From detecting skin cancer to sorting cucumbers to detecting escalators in need of repair, machine learning has granted computer systems entirely new abilities. But how does it really work under the hood?
Let’s walk through a basic example and use it as an excuse to talk about the process of getting answers from your data using machine learning.
7 simple steps of Machine Learning
Let’s pretend that we’ve been asked to create a system that answers the question of whether a drink is wine or beer. This question answering system that we build is called a model, and this model is created via a process called training. In machine learning, the goal of training is to create an accurate model that answers our questions correctly most of the time. But in order to train the model, we need to collect data to train on. This is where we will begin.
Our data will be collected from glasses of wine and beer. There are many aspects of drinks that we could collect data on everything from the amount of foam to the shape of the glass. But for our purposes, we’ll just pick two simple ones – the color as a wavelength of light and the alcohol content as a percentage. The hope is that we can split our two types of drinks along these two factors alone.
We’ll call these our features from now on color and alcohol. The first step to our process will be to run out to the local grocery store, buy up a bunch of different drinks, and get some equipment to do our measurements a spectrometer for measuring the color and a hydrometer to measure the alcohol content. It appears that our grocery store has an electronics hardware section as well.
Once our equipment and then booze we got it all set up it’s time for our first real step of machine learning.
Gathering that data
This step is very important because the quality and quantity of data that you gather will directly determine how good your predictive model can be.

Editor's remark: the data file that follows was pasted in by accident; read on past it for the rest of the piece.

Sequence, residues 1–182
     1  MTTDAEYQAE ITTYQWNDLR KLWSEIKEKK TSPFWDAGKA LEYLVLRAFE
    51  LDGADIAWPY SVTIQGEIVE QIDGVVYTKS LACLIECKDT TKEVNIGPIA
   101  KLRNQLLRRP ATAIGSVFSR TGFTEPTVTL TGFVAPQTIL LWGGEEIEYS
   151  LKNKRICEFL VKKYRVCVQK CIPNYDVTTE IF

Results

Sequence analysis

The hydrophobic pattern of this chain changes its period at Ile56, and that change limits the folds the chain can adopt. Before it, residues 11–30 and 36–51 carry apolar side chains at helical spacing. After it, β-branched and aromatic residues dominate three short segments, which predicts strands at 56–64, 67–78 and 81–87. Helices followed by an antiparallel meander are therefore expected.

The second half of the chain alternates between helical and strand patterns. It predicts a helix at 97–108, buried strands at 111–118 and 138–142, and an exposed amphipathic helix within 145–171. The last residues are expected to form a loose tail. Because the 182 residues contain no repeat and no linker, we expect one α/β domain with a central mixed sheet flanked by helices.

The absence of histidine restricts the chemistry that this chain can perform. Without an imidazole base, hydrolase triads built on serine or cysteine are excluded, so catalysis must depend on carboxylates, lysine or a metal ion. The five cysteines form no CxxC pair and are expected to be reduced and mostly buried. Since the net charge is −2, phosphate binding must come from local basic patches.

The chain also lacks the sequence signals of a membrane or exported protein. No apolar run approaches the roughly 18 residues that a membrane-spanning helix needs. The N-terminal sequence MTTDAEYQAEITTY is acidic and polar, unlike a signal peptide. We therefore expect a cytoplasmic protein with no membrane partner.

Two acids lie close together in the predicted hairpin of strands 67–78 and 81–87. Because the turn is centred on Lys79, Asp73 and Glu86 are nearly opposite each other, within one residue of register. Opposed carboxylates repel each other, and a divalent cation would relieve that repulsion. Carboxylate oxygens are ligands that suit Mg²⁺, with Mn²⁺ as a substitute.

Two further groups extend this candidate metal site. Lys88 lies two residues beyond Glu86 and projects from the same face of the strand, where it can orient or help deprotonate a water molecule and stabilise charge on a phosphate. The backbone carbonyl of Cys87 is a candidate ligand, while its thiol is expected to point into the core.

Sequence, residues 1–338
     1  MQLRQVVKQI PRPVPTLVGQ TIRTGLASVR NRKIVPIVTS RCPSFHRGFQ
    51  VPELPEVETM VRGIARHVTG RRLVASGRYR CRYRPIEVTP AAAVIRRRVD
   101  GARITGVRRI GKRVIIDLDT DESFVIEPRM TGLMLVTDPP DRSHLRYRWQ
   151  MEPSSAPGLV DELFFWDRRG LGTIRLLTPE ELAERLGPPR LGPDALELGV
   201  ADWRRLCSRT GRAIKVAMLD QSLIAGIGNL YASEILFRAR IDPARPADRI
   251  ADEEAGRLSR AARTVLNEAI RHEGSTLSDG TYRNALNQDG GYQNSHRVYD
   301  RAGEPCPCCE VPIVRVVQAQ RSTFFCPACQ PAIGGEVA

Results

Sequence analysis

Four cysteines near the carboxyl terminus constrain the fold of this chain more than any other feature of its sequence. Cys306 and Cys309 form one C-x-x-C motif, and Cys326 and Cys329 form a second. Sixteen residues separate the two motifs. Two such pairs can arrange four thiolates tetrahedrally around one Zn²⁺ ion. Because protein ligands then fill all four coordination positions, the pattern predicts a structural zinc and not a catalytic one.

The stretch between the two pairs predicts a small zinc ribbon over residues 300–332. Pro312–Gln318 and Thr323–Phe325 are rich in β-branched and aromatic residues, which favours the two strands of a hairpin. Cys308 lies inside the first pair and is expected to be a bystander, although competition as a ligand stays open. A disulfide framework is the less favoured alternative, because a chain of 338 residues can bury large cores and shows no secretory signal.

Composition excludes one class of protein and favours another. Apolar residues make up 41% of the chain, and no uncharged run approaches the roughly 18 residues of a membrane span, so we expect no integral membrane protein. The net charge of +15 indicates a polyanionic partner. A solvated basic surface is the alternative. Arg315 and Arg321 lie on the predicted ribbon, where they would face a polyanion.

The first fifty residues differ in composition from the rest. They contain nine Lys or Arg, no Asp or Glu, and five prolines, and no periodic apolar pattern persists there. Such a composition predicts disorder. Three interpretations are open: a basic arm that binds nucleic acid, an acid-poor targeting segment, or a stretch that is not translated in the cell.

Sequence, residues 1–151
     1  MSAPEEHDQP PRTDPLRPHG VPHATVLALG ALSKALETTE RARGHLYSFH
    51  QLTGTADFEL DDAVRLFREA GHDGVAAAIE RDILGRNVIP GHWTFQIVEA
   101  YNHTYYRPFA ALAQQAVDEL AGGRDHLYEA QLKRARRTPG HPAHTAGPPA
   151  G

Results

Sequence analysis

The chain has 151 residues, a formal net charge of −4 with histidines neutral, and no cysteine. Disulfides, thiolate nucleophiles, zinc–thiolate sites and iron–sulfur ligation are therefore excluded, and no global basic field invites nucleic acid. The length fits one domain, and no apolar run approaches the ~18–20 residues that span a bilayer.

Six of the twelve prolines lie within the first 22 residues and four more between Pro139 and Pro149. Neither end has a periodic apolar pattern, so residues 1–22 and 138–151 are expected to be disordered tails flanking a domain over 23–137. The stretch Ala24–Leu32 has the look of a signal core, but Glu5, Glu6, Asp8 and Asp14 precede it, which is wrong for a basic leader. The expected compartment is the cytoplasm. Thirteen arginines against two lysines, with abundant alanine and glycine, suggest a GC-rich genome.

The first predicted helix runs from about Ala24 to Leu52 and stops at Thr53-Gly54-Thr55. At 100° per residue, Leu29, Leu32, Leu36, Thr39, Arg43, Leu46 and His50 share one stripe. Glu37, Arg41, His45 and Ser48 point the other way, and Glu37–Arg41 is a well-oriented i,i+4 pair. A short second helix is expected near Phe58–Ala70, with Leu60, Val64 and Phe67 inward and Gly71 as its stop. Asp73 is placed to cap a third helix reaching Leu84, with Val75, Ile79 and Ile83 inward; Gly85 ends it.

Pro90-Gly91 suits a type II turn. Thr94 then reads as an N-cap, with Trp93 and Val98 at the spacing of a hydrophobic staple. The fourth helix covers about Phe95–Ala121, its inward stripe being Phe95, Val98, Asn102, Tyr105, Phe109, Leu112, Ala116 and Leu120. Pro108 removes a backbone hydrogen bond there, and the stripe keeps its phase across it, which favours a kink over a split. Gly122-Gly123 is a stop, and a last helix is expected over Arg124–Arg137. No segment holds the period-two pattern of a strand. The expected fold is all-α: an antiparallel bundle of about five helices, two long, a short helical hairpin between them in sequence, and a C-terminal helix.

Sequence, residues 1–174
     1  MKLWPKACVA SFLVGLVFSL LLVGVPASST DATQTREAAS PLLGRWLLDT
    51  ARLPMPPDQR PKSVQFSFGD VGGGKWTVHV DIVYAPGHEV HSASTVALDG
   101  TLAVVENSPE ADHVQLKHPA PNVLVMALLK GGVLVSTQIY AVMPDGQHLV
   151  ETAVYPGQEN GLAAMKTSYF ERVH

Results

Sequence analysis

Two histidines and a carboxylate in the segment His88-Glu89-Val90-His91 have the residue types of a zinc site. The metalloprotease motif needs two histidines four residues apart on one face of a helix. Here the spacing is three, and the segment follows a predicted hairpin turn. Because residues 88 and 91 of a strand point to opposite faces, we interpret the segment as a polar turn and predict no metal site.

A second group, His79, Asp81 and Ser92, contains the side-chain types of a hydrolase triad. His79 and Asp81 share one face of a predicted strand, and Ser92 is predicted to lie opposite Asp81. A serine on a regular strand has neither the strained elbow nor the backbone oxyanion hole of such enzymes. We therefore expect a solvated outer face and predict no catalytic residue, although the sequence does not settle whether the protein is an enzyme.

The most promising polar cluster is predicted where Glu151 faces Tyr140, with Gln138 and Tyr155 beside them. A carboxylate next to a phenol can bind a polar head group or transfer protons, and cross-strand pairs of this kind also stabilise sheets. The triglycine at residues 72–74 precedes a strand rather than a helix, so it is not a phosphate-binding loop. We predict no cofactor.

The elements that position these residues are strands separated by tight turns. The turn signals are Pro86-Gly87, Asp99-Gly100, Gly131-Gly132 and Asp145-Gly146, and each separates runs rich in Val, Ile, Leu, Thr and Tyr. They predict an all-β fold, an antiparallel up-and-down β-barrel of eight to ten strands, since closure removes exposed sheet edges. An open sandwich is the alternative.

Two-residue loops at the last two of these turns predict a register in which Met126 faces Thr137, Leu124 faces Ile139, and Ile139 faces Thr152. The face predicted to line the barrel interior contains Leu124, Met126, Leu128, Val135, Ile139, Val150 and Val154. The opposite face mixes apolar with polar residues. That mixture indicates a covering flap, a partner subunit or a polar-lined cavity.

In this case, the data we collect will be the color and alcohol content of each drink. This will yield us a table of color, alcohol content, and whether it’s beer or wine.
This will be our training data. So a few hours of measurements later, we’ve gathered our training data and had a few drinks, perhaps. And now it’s time for our next step of machine learning
Where we load our data into a suitable place and prepare it for use in our machine learning training.
We’ll first put all our data together then randomize the ordering. We wouldn’t want the order of our data to affect how we learn since that’s not part of determining whether a drink is beer or wine.
In other words, we want to make a determination of what a drink is independent of what drink came before or after it in the sequence. This is also a good time to do any pertinent visualizations of your data, helping you see if there is any relevant relationships between different variables as well as show you if there are any data imbalances.
For instance, if we collected way more data points about beer than wine, the model we train will be heavily biased toward guessing that virtually everything that it sees is beer since it would be right most of the time.
However, in the real world, the model may see beer and wine in equal amount, which would mean that it would be guessing beer wrong half the time. We also need to split the data into two parts.
The first part used in training our model will be the majority of our dataset.
The second part will be used for evaluating our train model’s performance. We don’t want to use the same data that the model was trained on for evaluation since then it would just be able to memorize the questions, just as you wouldn’t want to use the questions from your math homework on the math exam.
Sometimes the data we collected needs other forms of adjusting and manipulation– things like duplication, normalization, error correction, and others. These would all happen at the data preparation step. In our case, we don’t have any further data preparation needs, so let’s move on forward.
The next step in our workflow is choosing a model
There are many models that researchers and data scientists have created over the years. Some are very well suited for image data, others for sequences, such as text or music, some for numerical data, and others for text-based data. In our case, we have just two features – color and alcohol percentage.
We can use a small linear model, which is a fairly simple one that will get the job done. Now we move on to what is often considered the bulk of machine learning
In this step, we’ll use our data to incrementally improve our model’s ability to predict whether a given drink is wine or beer. In some ways, this is similar to someone first learning to drive.
At first, they don’t know how any of the pedals, knobs, and switches work or when they should be pressed or used. However, after lots of practice and correcting for their mistakes, a licensed driver emerges.